ANN ARBOR—Many of Michigan’s business, political and academic movers and shakers are gathering this week for the annual Mackinac Policy Conference after the coronavirus pandemic forced the cancellation of last year’s event.
While the number of people ferrying or flying to Mackinac Island is certain to be far lower than usual, with attendance caps and some opting out for reasons related to COVID-19, the conference is still luring people eager to help shape or make policy at a time when myriad challenges vie for their attention.
Not surprisingly, ramifications of COVID-19 remain a critical issue for leaders to deal with. Tom Ivacko, executive director of the University of Michigan’s Center for Local, State, and Urban Policy, includes it on his list of five priority areas for state leaders.
COVID and the damage done
“Social divisions over masking and vaccines are hobbling Michigan’s efforts to address statewide public health challenges presented by the pandemic, from school-based outbreaks to surges that threaten hospital capacity and push doctors, nurses and health care providers to the breaking point. As Gov. Gretchen Whitmer shifted from an aggressive statewide approach in year one of the pandemic to a more cautious and locally driven approach in year two, Michigan has become a patchwork of policies and practices—and seemingly endless hostility.
“So far, the state has avoided the massive Delta variant-driven surges that have overwhelmed other states, but will that last? How will the state and local governments respond if the Delta wave does crash over the state in full force? How would citizens respond? Can we find some way to dial back the hostility that is breaking out at local school and government board meetings and other public gatherings?”
A still-precarious economy
“The pandemic has slammed not just public health, but also the economy. The labor market is stressed. U-M’s Detroit Metro Area Communities Study estimates Detroit unemployment at 25%. Thousands of businesses around the state have struggled for months to hire enough workers, many reducing their operations by necessity due to labor shortages.
“Supply chains are broken, hobbling manufacturing. Housing prices have skyrocketed in many areas, while landlords demand back rent, renters may not have the money and federal rent aid sits on the sideline. An eviction crisis looms—a hyper-crisis?—on top of Michigan’s chronic eviction crisis documented by U-M’s Poverty Solutions Initiative.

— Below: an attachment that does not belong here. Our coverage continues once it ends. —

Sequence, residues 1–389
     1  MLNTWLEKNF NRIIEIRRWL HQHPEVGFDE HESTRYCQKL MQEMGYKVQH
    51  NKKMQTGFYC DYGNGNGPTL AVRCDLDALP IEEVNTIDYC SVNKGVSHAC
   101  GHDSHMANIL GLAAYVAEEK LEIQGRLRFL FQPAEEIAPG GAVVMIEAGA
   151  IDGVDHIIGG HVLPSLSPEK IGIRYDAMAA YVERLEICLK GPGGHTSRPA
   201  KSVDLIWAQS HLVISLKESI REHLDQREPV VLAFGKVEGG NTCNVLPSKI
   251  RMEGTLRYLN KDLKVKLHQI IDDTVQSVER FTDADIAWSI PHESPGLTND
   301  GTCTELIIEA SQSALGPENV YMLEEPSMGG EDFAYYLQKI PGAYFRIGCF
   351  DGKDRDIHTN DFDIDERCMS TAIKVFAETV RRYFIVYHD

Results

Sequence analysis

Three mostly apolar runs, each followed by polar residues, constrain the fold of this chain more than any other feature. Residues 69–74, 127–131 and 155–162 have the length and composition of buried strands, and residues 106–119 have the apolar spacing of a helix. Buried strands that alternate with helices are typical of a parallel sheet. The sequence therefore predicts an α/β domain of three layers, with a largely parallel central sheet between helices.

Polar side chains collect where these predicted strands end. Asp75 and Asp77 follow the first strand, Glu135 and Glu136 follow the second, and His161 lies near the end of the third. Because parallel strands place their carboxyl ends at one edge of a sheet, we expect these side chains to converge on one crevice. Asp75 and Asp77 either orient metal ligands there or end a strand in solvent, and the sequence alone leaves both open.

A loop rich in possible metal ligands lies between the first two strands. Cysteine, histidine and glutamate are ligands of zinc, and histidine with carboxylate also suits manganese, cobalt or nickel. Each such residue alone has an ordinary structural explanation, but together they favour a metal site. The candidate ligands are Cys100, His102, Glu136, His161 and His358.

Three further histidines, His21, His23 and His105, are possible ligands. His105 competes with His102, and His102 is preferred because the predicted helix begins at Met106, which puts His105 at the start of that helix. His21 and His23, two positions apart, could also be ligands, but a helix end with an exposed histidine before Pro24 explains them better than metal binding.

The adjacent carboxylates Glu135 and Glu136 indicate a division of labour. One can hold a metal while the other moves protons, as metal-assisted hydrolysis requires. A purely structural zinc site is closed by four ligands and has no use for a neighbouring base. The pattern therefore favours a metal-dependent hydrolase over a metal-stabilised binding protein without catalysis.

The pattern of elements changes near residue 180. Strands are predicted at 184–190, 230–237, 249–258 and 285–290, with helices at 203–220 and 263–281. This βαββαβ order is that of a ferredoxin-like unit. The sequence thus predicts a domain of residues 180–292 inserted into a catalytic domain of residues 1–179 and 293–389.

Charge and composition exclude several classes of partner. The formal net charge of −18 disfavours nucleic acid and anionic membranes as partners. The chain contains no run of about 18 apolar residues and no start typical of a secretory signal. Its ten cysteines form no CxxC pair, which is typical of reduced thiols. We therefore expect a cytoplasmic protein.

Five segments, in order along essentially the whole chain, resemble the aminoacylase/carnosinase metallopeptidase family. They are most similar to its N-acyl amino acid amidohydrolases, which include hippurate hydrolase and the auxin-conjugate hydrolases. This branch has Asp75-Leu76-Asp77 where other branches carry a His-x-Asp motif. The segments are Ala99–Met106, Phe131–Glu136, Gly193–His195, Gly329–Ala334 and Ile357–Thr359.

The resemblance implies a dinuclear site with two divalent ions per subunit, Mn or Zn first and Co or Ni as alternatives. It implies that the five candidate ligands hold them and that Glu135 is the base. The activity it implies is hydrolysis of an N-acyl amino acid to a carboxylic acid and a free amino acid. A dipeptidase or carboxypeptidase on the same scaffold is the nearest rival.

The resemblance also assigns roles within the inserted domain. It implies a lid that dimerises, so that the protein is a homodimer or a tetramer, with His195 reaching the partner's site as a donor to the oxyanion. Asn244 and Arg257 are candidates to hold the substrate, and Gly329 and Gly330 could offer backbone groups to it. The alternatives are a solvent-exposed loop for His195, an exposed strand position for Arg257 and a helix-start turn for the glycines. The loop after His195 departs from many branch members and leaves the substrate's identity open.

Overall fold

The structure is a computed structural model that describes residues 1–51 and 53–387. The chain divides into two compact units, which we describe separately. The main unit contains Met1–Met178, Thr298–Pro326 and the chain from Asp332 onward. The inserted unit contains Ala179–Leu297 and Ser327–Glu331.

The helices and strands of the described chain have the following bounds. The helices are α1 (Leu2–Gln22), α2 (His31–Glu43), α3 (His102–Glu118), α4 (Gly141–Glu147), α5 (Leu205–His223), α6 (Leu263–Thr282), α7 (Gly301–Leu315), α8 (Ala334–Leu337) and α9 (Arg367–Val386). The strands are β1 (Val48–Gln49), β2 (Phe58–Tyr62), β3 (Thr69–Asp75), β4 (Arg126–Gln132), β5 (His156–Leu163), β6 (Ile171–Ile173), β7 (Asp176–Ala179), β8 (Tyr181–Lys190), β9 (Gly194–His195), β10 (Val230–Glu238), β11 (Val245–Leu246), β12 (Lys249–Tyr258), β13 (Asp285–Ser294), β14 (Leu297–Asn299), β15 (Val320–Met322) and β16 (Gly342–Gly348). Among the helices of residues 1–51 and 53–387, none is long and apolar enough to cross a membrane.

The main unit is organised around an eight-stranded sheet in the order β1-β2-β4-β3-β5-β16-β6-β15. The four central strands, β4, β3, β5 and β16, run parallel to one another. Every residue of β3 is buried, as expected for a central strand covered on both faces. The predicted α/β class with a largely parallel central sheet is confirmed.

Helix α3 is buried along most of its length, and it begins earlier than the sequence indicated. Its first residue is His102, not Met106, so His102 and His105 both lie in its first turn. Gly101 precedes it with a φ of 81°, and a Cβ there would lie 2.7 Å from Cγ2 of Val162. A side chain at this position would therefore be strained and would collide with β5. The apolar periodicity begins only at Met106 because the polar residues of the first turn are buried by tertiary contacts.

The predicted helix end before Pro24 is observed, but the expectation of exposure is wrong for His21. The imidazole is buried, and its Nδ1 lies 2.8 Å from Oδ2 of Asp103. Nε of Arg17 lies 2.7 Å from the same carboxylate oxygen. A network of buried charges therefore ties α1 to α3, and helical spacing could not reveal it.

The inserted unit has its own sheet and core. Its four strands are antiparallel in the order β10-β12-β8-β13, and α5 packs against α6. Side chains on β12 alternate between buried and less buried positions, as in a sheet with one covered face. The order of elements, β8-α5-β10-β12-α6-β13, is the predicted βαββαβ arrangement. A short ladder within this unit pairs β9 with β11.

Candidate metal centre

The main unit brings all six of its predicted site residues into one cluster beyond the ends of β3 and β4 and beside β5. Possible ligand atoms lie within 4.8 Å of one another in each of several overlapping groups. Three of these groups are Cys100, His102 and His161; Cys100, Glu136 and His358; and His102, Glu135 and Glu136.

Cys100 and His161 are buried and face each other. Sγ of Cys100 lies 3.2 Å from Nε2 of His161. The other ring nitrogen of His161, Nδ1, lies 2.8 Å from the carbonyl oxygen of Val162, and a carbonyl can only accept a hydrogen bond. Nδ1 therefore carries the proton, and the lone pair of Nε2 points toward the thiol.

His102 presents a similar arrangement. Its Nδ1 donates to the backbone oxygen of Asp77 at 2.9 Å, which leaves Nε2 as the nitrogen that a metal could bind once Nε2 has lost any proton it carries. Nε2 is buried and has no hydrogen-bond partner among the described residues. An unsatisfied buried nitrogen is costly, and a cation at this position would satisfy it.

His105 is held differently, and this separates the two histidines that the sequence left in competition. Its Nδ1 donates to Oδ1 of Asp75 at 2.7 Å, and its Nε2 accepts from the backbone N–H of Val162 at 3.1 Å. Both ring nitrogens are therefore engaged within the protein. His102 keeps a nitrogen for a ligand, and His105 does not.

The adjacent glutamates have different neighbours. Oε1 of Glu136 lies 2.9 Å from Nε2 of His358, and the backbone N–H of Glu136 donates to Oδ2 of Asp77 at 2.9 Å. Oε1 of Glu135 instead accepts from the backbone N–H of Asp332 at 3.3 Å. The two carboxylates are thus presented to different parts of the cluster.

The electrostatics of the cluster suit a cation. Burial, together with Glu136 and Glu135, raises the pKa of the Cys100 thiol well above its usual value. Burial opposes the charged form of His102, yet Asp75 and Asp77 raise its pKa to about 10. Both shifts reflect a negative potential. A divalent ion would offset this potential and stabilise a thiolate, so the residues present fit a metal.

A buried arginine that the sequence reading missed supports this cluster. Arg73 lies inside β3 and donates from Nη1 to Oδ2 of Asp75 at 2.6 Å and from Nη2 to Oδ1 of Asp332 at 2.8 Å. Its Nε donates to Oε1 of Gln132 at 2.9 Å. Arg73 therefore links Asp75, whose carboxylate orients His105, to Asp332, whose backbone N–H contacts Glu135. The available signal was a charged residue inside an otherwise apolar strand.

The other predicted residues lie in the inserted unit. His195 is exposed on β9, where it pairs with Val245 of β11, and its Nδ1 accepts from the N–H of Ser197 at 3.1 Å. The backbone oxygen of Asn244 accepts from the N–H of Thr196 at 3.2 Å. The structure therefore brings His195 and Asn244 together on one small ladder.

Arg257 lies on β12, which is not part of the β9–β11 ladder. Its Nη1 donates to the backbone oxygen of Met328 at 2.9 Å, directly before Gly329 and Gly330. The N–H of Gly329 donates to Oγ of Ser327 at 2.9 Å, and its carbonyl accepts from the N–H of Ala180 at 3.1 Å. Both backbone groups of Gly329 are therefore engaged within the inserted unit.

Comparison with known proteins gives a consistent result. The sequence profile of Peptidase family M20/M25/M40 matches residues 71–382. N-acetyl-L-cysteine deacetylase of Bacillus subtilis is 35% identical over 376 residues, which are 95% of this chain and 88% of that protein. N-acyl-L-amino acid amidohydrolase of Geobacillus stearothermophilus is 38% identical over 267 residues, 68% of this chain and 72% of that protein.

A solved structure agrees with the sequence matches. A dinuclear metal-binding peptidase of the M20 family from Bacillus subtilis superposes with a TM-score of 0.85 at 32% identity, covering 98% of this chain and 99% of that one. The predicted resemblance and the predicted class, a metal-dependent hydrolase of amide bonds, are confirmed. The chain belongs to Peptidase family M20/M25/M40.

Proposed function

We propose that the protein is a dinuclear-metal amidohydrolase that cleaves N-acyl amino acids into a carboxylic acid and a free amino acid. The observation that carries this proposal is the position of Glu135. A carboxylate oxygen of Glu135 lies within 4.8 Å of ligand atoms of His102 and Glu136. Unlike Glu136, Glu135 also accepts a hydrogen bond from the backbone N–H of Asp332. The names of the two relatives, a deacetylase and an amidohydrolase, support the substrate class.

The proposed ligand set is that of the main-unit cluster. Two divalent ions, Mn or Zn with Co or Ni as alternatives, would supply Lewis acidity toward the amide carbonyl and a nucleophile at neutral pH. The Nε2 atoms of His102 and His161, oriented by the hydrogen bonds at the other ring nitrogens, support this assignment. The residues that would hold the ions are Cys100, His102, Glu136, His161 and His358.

“Meanwhile, the state and local governments need to spend billions of dollars in federal pandemic aid—a good problem to have, but a challenge nonetheless. Our economy is a big question mark.”
Great Lakes, great risks
“Even before this summer’s massive storm-driven power outages, Michigan’s electrical grid has underperformed on reliability, as climate change-induced weather patterns have become more severe. Outages caused by extreme weather have skyrocketed nationally, with Michigan among the hardest hit.
“Meanwhile, the state’s drinking water is threatened by PFAS contamination, lead supply lines and aging septic and sewer systems. Many of these problems hit minority communities particularly hard, presenting another challenge of equity. More than 400 miles of Great Lakes shoreline centered on the Straits of Mackinac are threatened by Enbridge’s aging Line 5 underwater gas and oil pipeline. And the Great Lakes face many other threats including invasive species, climate change, microplastics and phosphorus run-off.”
Redistricting: Back to the (re)drawing board
“Michigan is in the national spotlight as it rolls out an innovative approach to political redistricting by a citizens’ commission instead of by the legislature. The new Michigan Independent Citizens Redistricting Commission is a grand experiment in good government, transparency and citizen engagement, and its impacts will last a decade or more with new districts in place from 2022 through 2032.
“The MICRC is wrestling with complex challenges to design fair districts that protect minority rights, reflect the state’s diversity and communities of interest, prevent unfair partisan advantage and consider local government boundaries—all while ensuring roughly equal population across districts. The commissioners are lay citizens taking on one of the most important and complex policy challenges any state faces, in a time of hyperpartisanship. Lawsuits will be filed as soon as the commission adopts maps. Time will tell how successful this new approach is, whether it needs to be modified and whether it will serve as a national model for other states to follow. Citizens should pay attention and weigh in.”
“Democracy in Michigan and the U.S. is in danger, with voting and elections under particular threat. Despite overwhelming evidence demonstrating our elections are well-run and reliable, their very legitimacy is being questioned and undermined with potentially disastrous consequences.
“New policies are being discussed in the state legislature that could make it harder for minorities to vote, another challenge for equity. Meanwhile, our governor was nearly kidnapped, which is an astounding thing to consider. Trust in government and other foundations of democracy like the free press are near historic low points. Despite these concerns, our own Michigan Public Policy Survey shows local leaders believe democracy is still functioning relatively well at the local level, but is also facing growing threats. We need a great recommitment to democracy, to the art of compromise, among all Michiganders. Before it is too late.”
Jeff Karoub, firstname.lastname@example.org